Bobby Scott, a delegate to the Democratic National Convention whose photograph appeared in Wednesday editions is from Newport News, Va., and not Maryland as a caption under his photograph stated.
Two Washington area congressmen, beaten but not bowed in their losing campaign to block President Carter's renomination, were welcomed back into the Carter fold here today by delegates willing to forgive and forget.
Northern Virginia Rep. Herb Harris stolled cheerfully around the floor of the subdued Democratic gathering at Madison Square Garden this afternoon and made light of his misadventures with the Carter administration.
"Oh, they just love me," teased Harris, who acknowledged that his support for the "open" convention proposal championed by Sen. Edward M. Kennedy (D-Mass.) and his suggestion that Vice President Walter Mondale would make a fine replacement for Carter drew complaints from many of his pro-Carter constituents.
For Rep. Michael D. Barnes of Maryland, the loss of the open convention fight was more than a politically embarrassing defeat. It brought an end to the instant celebrity status he enjoyed as a spokesman for the "dump Carter" forces in Congress.
Barnes walked onto the convention floor early this evening looking somewhat dazed and distracted, and stood almost unnoticed in the aisle in front of the Maryland delegation. But he was philosophical about the defeat and eager to make admends with the Carter camp.
"The letters and calls from constituents have been very supportive, and from my experience, you usually hear more from people who don't like what you're doing," Barnes said.
He said he had talked with Carter political chief Hamilton Jordan and other presidential aides, "and they don't seem hostile at all."
The political standing of D.C. Mayor Marion Barry, who had flirted with the open convention movement briefly, but quickly retreated in the face of White House anger, remained unclear among many District delegates today. Barry was seldom on the floor to discuss it.
Barry, considered by many to be a closet Kennedy supporter, led the cheers Monday night when the votes of the Pennsylvania delegation put Carter over the top in the rules fight. But some D.C. delegates said today that Barry's consistent refusal to vigorously campaign for Carter before the city's May 6 Democratic presidential primary and his reported support for an open convention may have done serious damage to his standing in the Carter camp.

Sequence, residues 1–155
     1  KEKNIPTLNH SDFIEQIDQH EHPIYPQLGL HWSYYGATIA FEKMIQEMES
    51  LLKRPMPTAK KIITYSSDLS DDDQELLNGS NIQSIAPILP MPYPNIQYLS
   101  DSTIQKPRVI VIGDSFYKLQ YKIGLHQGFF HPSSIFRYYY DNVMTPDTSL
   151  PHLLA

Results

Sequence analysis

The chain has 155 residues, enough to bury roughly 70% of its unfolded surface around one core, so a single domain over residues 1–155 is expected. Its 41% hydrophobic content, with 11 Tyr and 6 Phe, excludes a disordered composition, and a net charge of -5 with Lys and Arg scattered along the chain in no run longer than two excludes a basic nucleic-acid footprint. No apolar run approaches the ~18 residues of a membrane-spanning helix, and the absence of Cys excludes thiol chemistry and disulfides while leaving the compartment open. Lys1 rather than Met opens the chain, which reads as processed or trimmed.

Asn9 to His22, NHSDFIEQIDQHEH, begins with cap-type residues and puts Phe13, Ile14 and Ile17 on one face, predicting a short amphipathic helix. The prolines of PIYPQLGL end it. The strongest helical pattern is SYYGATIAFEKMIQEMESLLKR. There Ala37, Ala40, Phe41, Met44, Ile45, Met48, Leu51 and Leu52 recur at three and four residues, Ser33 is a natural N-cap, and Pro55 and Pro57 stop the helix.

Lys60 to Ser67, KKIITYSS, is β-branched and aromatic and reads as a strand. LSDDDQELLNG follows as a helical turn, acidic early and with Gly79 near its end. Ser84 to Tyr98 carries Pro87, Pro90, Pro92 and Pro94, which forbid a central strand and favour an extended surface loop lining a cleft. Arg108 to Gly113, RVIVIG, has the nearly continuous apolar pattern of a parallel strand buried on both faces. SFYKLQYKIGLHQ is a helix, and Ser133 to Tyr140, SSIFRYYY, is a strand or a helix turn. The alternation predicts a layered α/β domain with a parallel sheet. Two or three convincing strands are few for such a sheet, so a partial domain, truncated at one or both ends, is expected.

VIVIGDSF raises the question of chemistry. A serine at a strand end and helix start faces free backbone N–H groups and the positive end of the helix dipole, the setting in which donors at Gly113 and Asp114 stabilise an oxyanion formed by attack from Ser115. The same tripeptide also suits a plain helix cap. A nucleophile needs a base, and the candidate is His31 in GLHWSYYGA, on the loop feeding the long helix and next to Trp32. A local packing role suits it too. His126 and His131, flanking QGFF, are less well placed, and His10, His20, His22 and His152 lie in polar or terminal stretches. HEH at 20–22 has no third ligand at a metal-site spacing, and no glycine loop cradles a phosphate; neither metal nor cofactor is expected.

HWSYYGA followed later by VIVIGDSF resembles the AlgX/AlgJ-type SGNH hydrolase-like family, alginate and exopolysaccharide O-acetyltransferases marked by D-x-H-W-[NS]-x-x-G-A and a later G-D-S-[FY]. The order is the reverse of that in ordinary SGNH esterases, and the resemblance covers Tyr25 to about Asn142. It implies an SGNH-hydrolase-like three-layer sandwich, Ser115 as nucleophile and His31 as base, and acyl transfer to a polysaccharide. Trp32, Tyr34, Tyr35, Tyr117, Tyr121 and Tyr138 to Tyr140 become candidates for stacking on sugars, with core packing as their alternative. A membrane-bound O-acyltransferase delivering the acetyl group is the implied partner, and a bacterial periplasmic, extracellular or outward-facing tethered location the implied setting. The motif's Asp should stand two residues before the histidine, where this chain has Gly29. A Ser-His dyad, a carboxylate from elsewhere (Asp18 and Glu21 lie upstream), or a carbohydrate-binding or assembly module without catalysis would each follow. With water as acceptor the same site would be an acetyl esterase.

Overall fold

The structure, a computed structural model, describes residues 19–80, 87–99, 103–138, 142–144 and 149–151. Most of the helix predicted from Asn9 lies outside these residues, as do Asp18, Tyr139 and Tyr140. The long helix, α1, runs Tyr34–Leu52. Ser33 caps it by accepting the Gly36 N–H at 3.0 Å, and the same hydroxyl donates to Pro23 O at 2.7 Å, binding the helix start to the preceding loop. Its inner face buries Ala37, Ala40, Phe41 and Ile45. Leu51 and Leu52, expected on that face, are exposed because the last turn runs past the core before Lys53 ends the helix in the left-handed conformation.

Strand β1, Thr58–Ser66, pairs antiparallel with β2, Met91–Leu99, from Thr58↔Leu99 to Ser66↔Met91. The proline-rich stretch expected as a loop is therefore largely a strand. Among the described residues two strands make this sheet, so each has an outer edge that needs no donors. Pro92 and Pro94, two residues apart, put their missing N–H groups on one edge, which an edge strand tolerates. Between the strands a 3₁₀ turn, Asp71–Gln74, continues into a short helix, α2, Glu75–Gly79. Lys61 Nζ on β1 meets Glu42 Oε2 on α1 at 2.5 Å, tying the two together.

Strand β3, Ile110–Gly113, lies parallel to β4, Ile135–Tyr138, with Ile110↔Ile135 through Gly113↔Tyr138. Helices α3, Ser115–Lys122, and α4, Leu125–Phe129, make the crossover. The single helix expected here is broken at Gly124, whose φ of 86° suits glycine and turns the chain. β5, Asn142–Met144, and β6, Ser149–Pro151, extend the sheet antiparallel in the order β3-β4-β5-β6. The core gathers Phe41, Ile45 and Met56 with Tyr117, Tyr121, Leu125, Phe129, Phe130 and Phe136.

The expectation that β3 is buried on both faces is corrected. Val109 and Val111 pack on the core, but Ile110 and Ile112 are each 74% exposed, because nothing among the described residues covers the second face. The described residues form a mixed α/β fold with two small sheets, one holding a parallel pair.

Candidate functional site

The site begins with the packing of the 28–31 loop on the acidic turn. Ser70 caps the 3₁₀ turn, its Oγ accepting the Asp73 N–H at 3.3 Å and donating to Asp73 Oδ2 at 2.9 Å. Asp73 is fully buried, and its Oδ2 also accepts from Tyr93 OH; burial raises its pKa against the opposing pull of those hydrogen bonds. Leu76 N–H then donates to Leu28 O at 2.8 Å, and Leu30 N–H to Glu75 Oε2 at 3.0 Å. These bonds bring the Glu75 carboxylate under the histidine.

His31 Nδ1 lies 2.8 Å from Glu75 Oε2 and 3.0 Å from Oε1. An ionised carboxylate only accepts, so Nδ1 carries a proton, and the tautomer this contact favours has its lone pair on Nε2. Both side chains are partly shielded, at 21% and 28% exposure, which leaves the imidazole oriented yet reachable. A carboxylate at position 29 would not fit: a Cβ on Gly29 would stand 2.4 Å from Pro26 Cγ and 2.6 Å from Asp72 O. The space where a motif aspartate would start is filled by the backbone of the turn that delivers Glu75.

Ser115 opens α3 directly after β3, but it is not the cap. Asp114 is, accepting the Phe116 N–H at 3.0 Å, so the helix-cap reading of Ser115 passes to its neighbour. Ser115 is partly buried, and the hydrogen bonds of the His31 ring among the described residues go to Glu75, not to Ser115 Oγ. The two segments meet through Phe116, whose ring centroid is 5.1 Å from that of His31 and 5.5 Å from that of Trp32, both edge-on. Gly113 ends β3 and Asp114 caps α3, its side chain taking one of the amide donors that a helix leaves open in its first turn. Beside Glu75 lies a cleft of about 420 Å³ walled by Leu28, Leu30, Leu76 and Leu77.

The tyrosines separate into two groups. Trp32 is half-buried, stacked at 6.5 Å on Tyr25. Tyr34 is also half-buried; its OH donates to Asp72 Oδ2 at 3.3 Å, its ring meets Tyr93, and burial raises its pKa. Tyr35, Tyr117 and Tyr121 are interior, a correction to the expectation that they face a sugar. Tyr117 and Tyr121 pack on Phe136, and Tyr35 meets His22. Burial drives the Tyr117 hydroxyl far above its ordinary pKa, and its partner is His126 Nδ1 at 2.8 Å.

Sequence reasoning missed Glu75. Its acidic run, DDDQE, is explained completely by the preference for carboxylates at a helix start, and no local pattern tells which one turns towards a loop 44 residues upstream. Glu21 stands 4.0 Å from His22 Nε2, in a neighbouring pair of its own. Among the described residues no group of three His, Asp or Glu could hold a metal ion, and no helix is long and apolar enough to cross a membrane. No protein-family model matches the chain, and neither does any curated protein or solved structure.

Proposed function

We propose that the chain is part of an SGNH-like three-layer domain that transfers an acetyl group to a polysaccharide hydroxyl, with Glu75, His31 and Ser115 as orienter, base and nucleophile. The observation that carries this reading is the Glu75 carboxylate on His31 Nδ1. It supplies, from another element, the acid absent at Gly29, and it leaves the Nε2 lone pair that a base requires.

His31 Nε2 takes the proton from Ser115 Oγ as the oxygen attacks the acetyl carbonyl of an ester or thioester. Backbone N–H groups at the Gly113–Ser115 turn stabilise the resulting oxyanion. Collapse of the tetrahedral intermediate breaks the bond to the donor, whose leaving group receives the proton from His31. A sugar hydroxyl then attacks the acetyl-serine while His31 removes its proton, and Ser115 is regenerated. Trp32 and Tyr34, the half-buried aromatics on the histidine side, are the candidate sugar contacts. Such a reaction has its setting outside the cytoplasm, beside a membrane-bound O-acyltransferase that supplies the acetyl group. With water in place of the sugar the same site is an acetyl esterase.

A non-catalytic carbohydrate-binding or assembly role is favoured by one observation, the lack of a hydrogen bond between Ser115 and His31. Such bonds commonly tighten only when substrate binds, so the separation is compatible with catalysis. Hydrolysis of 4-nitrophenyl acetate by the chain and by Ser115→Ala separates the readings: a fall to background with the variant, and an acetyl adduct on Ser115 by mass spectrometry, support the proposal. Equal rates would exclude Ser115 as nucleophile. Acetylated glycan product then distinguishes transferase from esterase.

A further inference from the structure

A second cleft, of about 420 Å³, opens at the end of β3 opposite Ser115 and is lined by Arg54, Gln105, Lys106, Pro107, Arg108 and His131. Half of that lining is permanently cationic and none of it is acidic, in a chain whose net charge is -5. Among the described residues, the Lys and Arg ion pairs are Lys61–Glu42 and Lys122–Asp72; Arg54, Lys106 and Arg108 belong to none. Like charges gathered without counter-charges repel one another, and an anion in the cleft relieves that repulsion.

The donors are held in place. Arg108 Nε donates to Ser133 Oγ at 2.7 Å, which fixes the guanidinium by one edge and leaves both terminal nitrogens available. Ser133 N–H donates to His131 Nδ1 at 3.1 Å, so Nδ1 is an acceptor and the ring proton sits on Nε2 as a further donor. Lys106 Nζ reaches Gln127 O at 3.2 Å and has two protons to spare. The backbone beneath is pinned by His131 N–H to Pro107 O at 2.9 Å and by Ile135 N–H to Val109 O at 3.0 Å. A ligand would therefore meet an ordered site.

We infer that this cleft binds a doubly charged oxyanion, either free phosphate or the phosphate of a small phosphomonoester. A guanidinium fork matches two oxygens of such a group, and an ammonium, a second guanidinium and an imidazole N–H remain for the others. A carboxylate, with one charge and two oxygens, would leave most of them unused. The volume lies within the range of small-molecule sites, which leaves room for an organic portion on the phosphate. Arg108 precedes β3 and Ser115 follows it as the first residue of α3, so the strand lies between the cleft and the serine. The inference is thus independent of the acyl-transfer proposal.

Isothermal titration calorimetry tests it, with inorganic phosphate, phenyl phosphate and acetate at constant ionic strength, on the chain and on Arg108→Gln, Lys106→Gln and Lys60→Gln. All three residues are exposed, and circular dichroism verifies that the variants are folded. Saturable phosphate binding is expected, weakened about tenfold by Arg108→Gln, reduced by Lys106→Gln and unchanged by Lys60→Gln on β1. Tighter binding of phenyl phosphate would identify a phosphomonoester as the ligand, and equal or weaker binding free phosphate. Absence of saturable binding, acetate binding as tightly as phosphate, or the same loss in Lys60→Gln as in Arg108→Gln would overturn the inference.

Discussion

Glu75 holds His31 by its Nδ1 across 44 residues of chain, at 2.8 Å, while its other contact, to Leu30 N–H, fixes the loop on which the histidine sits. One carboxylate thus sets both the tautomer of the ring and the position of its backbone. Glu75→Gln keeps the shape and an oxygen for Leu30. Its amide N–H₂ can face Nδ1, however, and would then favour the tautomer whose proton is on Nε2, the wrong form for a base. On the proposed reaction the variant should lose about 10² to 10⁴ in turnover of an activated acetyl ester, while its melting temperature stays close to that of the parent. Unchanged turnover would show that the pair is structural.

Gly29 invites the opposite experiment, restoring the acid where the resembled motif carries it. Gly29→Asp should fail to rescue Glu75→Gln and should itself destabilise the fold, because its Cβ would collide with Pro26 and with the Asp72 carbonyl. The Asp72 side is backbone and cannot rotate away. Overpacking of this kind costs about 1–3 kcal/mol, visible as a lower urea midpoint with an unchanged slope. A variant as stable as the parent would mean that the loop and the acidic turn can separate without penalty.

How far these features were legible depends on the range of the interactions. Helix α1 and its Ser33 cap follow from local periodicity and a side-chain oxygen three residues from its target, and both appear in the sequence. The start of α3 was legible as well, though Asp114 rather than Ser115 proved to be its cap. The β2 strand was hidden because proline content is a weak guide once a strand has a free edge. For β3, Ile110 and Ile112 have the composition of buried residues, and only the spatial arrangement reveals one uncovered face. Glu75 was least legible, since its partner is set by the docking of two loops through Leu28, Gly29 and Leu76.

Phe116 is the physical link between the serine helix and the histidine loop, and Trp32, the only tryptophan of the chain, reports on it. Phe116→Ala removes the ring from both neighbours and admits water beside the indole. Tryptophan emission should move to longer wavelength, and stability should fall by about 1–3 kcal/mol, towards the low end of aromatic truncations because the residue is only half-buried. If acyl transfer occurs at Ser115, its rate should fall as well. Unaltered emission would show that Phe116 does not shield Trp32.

"He [Barry] is really in the deep freeze . . . They [the White House] knew he could get good mileage out of his open convention maneuver. He did it after others had done the same thing. His announcement was building a bandwagon, and he had already waffled before," one leading Carter delegate said privately.
"It's one thing when a person tells you no," the delegate said. "It's another thing when they say yes then play games with you."
Barnes and Harris, who face tough reelection campaigns, showed little hesitancy today in their willingness to work for Carter, even though they were somewhat pessimistic about his chances for relection.
Immediately after the Democratic delegates had put an end to the open convention drive -- and Kennedy's bid for the nomination -- Barnes went back to the Carter operations trailer, accepted a kiss from Helen Strauss, the wife of president's campaign chairman Robert Strauss, and promised his full support in November.
But today, the freshman congressman from Montgomery County talked glumly about the fall election, citing a poll he said he had taken in his district that showed Carter running third behind Republican Ronald Reagan and Independent John B. Anderson.
Voters in Montgomery County and Northern Virginia have a history of ticket-splitting, so Carter's low standing in the polls would not necessarily spell disaster for other Democrats like Barnes and Harris.
Barnes said his reelection campaign has been receiving "a lot of money in the last two weeks" from constituents who supported his open convention crusade. Harris said he has numerous Kennedy supporters in his district who will appreciate the way he retreated from his February endorsement of the president.
But it was not the backing of Kennedy supporters that was at issue today.
It was whether the Carter adminsistration and Carter supporters in Northern Virginia and Montgomery County would give Harris and Barnes the support the two lawmakers had denied the president.
"I was very, very upset with Mike and I totally disagreed with what he was doing," said Louis Knecht, a Carter delegate from Montgomery County and a coordinator of the Carter primary campaign there. "But I have every intention of absolutely breaking my leg -- or whatever else needs to be done -- to help him win the election."
Fairfax County Democratic chair Dottie Schick, who had been surpised and upset when Harris began touting an open convention, was collecting campaign contributions for Harris from the Virginia delegates today.
Another Virginia delegate said Barnes would probably experience less fallout than Harris, because Harris had declared for Carter before coming out for an open convention, while the Montgomery congressman never actually endorsed the president.
This same delegate said it was "a dumb move" for the Northern Virginia lawmaker to get caught up in the open convention dispute because, "he needs the Carter support and the in-between support. He already had the Kennedy support."
Harris, sloughing off the criticism, said he didn't think his statements would affect his following one way or the other.
"Folks in my district are very used to Herb Harris speaking his mind," he said.